The purpose of this paper is to explore the ambivalent agency of bones as both ‘persons’ and ‘objects’ in the politics of heritage and commemoration in Zimbabwe. It discusses a recent ‘commemorative’ project which has focused on the identification, reburial, ritual cleansing and memorialisation of the human remains of the liberation war dead, within Zimbabwe and across its borders (Mozambique, Zambia, Botswana, Angola and Tanzania). Although clearly related to ZANU PF’s rhetoric of ‘patriotic history’ (Ranger 2004b) that has emerged in the context of Zimbabwe’s continuing political crisis, this recent ‘liberation heritage’ project also sits awkwardly in the middle of the tension between these two related but somehow distinct nationalist projects of the past (heritage and commemoration). Exploring the tensions that both commemorative and heritage processes can provoke between the ‘objectifying’ effects of professional practices, the reworkings of contested ‘national’ histories, and the often angry demands of marginalised communities, kin and the dead themselves (for the restoration of sacred sites or for the return of human remains), the conclusion that this paper works towards is that the politics of dead is not exhausted by essentially contested accounts or representations of past fatal events, but must also recognise the emotive materiality and affective presence of human bones in themselves. Engaging with recent anthropological discussions about materiality and the agency of objects, it is suggested that in the ambivalent agency of bones, both as extensions of the consciousness of the dead, as spirit ‘subjects’ or persons which make demands on the living, but also as unconscious ‘objects’ or ‘things’ that retort to, and provoke responses from the living, the tensions and contradictions of commemoration, heritage and the politics of the dead are revealed.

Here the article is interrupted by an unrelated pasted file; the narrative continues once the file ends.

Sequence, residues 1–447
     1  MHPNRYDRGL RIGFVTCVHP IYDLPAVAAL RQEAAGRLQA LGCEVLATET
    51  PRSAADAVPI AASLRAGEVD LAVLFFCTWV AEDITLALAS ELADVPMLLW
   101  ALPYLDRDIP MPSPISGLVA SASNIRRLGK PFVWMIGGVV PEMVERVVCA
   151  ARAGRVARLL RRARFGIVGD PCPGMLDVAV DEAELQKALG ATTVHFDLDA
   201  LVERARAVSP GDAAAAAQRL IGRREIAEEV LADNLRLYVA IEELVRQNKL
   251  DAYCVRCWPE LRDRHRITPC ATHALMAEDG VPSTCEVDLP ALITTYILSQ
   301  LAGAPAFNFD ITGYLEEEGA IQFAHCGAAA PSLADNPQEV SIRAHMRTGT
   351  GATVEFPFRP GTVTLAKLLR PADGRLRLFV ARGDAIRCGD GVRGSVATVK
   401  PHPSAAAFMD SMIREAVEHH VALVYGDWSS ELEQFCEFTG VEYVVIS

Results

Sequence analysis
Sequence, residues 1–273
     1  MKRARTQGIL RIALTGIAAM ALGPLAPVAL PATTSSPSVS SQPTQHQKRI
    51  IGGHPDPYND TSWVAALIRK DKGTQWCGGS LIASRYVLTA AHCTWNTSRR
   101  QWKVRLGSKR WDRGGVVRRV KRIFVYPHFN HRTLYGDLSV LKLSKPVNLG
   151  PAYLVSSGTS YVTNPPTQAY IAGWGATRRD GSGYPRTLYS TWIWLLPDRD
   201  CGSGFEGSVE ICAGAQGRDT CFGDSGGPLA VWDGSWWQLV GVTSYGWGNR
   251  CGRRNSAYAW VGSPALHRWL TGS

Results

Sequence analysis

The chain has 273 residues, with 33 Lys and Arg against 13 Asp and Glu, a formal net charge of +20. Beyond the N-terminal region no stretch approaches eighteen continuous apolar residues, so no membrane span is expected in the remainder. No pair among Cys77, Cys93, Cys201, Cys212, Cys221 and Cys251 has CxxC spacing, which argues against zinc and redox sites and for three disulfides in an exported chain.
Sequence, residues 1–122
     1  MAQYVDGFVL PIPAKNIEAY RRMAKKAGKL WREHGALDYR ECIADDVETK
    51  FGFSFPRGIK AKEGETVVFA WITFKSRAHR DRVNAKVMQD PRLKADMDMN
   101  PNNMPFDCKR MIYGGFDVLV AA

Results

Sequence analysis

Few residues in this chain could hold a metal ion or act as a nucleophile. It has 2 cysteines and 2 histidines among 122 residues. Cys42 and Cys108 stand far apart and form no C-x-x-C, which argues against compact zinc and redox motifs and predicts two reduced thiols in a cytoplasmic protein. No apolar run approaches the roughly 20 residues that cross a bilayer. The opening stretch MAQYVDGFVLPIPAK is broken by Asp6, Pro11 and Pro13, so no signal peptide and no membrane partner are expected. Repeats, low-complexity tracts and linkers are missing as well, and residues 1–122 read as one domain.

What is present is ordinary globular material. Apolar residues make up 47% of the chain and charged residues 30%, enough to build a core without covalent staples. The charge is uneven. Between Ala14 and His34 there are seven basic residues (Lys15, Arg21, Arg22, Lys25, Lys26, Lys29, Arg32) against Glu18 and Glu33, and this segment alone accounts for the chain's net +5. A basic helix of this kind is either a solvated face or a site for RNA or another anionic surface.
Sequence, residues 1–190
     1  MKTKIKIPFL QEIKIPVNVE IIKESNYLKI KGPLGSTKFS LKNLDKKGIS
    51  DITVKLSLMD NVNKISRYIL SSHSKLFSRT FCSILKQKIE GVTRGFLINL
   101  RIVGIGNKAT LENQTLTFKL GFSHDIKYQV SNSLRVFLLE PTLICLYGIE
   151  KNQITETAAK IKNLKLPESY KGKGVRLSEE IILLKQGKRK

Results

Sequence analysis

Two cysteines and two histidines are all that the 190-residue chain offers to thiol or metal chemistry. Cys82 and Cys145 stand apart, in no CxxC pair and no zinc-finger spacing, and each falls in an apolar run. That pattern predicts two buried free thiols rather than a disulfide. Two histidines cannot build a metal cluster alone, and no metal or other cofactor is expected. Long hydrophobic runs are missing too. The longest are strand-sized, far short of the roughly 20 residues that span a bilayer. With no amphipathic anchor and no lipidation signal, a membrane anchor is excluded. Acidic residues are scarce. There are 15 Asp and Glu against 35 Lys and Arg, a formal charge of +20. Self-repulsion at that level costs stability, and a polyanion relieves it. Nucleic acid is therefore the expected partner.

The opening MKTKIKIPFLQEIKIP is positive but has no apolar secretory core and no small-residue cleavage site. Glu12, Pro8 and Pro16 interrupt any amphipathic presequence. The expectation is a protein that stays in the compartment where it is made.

|Number of pages||27|
|Publication status||Published - 10 Aug 2009|